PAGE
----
(3) Section 11(e) of the Public Utility Holding Company Act of 1935 provides:

Sec. 11. Simplification of holding company systems. * * *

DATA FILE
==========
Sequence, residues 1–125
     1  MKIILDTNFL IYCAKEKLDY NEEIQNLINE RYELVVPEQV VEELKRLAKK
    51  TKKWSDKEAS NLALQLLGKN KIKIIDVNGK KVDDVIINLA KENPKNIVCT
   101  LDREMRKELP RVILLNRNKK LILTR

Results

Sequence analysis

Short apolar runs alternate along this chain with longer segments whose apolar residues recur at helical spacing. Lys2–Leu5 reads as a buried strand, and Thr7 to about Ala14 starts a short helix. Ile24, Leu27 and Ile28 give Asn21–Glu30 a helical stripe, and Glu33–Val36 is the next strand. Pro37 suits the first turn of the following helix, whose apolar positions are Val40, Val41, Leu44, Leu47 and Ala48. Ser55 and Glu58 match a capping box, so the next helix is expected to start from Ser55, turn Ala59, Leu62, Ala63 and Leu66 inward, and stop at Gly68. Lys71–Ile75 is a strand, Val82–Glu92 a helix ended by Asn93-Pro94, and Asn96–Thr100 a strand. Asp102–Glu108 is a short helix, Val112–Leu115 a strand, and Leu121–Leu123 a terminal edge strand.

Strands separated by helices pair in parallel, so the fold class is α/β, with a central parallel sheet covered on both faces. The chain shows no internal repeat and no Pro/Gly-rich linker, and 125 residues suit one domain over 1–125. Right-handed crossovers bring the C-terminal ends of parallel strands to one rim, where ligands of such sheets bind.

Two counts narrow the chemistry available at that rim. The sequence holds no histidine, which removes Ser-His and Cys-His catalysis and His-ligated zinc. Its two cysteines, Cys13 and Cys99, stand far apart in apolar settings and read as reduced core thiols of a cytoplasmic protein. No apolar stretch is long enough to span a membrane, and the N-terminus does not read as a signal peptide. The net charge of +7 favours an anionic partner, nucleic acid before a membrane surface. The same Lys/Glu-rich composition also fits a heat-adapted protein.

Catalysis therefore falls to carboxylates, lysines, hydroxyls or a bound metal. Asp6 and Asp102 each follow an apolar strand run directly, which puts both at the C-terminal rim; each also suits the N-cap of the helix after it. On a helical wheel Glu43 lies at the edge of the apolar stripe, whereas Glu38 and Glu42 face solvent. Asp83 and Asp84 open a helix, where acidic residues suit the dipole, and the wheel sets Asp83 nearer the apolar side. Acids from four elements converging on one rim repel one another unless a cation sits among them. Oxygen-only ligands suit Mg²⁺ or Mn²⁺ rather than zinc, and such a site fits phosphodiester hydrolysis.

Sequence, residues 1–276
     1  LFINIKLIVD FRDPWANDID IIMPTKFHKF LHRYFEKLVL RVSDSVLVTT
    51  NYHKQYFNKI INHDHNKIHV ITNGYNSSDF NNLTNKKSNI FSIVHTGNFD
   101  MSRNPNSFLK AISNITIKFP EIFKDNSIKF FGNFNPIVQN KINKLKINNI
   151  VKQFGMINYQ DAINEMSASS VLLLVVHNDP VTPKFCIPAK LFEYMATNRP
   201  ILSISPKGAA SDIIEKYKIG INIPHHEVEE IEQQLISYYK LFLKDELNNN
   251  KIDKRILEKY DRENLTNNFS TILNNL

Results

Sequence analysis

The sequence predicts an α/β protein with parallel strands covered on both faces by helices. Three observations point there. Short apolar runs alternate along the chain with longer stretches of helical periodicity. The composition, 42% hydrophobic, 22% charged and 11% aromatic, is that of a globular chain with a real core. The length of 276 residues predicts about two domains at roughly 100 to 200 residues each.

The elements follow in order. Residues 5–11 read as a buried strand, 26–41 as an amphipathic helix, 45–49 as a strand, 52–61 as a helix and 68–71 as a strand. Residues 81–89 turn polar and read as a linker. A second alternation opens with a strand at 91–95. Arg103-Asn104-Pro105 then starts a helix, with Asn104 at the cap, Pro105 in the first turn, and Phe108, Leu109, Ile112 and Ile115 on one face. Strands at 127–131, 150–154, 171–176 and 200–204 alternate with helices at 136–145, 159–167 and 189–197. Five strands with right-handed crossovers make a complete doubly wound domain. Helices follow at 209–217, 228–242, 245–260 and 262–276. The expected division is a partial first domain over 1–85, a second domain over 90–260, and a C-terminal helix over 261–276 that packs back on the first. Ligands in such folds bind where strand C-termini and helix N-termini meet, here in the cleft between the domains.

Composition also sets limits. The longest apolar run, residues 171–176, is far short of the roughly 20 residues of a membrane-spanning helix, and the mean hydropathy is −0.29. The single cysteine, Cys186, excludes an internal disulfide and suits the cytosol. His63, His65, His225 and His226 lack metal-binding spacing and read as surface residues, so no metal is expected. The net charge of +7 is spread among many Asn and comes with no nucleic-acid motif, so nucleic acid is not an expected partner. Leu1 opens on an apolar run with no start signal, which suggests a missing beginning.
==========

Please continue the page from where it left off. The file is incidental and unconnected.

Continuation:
(e) In accordance with such rules and regulations or order as the Commission may deem necessary or appropriate in the public interest or for the protection of investors or consumers, any registered holding company or any subsidiary company of a registered holding company may, at any time after January 1, 1936, submit a plan to the Commission for the divestment of control, securities, or other assets, or for other action by such company or any subsidiary company thereof for the purpose of enabling such company or any subsidiary company thereof to comply with the provisions of subsection (b). If, after notice and opportunity for hearing, the Commission shall find such plan, as submitted or as modified, necessary to effectuate the provisions of subsection (b) and fair and equitable to the persons affected by such plan, the Commission shall make an order approving such plan; and the Commission, at the request of the company, may apply to a court, in accordance with the provisions of subsection (f) of section 18, to enforce and carry out the terms and provisions of such plan. If, upon any such application, the court, after notice and opportunity for hearing, shall approve such plan as fair and equitable and as appropriate to effectuate the provisions of section 11, the court as a court of equity may, to such extent as it deems necessary for the purpose of carrying out the terms and provisions of such plan, take exclusive jurisdiction and possession of the company or companies and the assets thereof, wherever located; and the court shall have jurisdiction to appoint a trustee, and the court may constitute and appoint the Commission as sole trustee, to hold or administer, under the direction of the court and in accordance with the plan theretofore approved by the court and the Commission, the assets so possessed.